The Court acknowledges that Goldlawr is distinguishable from the instant case, inasmuch as the venue in Goldlawr was improper, whereas the venue in this case is proper under 28 U.S.C. § 1391(a) because of plaintiff's residence being in North Carolina. Defendants, in their memorandum, point to this fact in support of their argument that power to transfer this case does not exist, and cite Hohensee v. News Syndicate, Inc., 3 Cir., 286 F.2d 527 (1961) and Selsby v. Vecchione, 216 F. Supp. 207 (S.D.N.Y. 1963) as authority for that contention. Both courts, deciding on facts very similar to those of the instant case, refused to transfer cases under 28 U.S.C. § 1406(a) where venue was proper, but the court lacked personal jurisdiction over the defendant. This Court finds neither case to be controlling.
The Third Circuit Court of Appeals decided Hohensee prior to the decision announced in Goldlawr, and on appeal to the United States Supreme Court, the judgment refusing transfer was vacated and the case "remanded for consideration in light of Goldlawr * * *" Hohensee v. News Syndicate, Inc., 369 U.S. 659, 82 S.Ct. 1035, 8 L.Ed.2d 273 (1962). In Selsby, the court in holding that they were faced with an entirely different problem from that in Goldlawr stated, "In Goldlawr the venue was `wrong', here the venue is proper and Sec. 1406(a) cannot be applied." Supra 216 F. Supp. at 208. This Court does not agree with the result reached in Selsby, but follows instead the reasoning of Kaiser v. Mayo Clinic, 8 Cir., 383 F.2d 653 (1967) and Teets v. Hawker, supra, which it feels represents the dominant and better view. Both of those cases, which present an excellent review and discussion of precisely the same issue raised here, permitted transfer even though venue was properly laid in the transferor court. In Kaiser, the Court stated:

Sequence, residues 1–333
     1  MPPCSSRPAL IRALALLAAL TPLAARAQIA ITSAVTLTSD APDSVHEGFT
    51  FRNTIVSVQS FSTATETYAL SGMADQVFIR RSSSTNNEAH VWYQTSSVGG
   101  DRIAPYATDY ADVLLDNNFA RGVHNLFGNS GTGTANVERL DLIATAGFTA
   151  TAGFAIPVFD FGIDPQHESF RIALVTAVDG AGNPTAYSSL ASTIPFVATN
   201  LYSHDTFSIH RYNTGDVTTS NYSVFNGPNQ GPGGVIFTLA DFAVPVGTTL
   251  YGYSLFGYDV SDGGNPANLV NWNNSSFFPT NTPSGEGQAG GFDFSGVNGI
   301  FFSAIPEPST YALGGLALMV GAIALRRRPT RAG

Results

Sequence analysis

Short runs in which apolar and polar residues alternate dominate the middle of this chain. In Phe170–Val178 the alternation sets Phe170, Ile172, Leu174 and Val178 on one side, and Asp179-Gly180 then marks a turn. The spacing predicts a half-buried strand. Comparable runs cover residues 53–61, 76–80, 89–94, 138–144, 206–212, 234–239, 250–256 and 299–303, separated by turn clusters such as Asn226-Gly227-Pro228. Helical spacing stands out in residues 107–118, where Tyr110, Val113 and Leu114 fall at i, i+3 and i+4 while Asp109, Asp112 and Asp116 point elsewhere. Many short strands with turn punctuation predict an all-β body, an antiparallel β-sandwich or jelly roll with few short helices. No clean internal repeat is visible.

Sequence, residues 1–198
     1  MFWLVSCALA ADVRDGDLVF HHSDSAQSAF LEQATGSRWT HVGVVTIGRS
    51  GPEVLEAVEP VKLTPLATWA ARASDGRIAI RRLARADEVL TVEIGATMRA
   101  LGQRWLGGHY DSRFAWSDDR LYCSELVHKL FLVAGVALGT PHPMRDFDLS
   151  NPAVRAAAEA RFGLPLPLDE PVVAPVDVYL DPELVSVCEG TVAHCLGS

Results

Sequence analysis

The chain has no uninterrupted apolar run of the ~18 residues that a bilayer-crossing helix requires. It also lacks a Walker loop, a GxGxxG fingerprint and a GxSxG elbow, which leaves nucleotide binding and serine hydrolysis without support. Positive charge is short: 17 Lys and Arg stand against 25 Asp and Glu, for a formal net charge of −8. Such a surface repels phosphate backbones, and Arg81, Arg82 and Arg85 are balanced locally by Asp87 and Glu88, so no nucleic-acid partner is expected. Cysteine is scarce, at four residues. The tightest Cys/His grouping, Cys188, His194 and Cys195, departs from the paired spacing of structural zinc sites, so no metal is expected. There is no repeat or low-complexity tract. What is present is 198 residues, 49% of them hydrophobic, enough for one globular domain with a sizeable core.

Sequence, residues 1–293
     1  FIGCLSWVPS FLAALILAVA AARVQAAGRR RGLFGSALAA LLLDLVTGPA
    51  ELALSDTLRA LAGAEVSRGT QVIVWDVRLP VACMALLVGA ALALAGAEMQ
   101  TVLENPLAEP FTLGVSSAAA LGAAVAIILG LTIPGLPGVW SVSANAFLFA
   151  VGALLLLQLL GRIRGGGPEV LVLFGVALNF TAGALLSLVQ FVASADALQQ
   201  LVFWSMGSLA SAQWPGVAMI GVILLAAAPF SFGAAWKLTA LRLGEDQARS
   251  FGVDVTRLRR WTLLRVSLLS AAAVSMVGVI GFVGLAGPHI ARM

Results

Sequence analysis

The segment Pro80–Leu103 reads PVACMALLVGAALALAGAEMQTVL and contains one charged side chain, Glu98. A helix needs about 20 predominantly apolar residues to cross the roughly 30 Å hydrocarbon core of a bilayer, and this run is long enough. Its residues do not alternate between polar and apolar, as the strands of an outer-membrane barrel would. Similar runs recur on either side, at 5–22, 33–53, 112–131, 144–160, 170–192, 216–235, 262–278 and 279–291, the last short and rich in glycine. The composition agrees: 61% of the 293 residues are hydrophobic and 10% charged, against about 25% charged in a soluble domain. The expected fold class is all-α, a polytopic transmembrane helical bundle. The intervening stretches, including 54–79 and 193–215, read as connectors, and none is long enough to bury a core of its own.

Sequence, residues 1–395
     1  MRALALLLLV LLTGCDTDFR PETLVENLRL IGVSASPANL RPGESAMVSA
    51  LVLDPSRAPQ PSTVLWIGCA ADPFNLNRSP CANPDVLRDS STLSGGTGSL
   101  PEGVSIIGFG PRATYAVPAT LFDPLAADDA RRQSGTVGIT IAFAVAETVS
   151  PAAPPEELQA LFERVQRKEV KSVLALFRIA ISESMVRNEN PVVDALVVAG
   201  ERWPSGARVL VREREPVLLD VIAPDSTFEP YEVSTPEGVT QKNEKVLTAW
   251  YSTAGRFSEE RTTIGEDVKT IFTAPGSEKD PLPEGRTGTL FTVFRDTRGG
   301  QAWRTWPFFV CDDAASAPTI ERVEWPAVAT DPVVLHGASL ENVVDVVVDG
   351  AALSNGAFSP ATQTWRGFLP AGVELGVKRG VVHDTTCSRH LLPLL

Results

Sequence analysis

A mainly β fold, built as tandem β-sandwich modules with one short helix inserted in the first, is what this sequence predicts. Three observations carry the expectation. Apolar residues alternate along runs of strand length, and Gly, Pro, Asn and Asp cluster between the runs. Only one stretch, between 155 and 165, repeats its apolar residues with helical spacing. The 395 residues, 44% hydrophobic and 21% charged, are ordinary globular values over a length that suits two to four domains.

See also Taylor v. Love, 6 Cir., 415 F.2d 1118 (1969), cert. denied 397 U.S. 1023, 90 S.Ct. 1257, 25 L.Ed.2d 533 (1970); Dubin v. United States, 5 Cir., 380 F.2d 813 (1967); United States v. Berkowitz, 3 Cir., 328 F.2d 358 (1964), cert. denied 379 U.S. 821, 85 S.Ct. 42, 13 L.Ed.2d 32 (1964); Atkins v. Schmutz Manufacturing Company, 4 Cir., 401 F.2d 731 (1968) (dissenting opinion); and Universal Manufacturing Company v. Lewis, 4 Cir., 381 F.2d 819 (1967).
"Certainly a party who has been totally wrong in selecting the forum would have no greater right of transfer under § 1406(a) than a party who has selected a forum which is wrong only because service of process cannot be obtained. In either event, the case could not proceed to trial on its merits which leads us to the conclusion * * that `§ 1406(a) operates in cases where the first forum chosen is improper in the sense that the litigation may not proceed there.'" Supra at 655-656.
In addition, the United States Supreme Court's disposition of Hohensee v. News Syndicate, Inc., supra, suggests that that Court would apply § 1406(a) in a situation comparable to that presented here.
This Court is further persuaded by the law and philosophy of the Fourth Circuit Court of Appeals as stated in Internatio-Rotterdam, Inc. v. Thomsen, 4 Cir., 218 F.2d 514 (1955). Although it was a suit in admiralty, the procedural characteristics of that case, supported by Goldlawr, is that "such transfer is in accord with modern standards of procedure, the purpose of which is to get away from the time-consuming and justice-defeating technicalities and secure an adjudication of the rights of the parties by as direct and as expeditious a route as possible." Supra at 517. The United States Supreme Court in Goldlawr ruled, and this Court holds, that congressional intent in adopting § 1406(a) included a recognition that "the interest of justice" may require the transfer of a case so that a plaintiff would not be penalized by "justice-defeating technicalities." Goldlawr, Inc. v. Heiman, supra, 369 U.S. at 467, 82 S.Ct. 913.
For the reasons stated, it is ordered:
1. That the motion of the defendants to quash service of summons be, and same hereby is, granted;
2. That the motion of the defendants to dismiss the action be, and same hereby is, denied; and
3. That the motion of the plaintiff to transfer the action to the United States District Court for the Eastern District of Pennsylvania for all further proceedings, including the trial of the action, be, and same hereby is, granted.
It is further ordered that the Clerk of this Court forthwith transfer the entire file, including a copy of this Memorandum Order, to the Clerk of the United States District Court for the Eastern District of Pennsylvania, Philadelphia, Pennsylvania.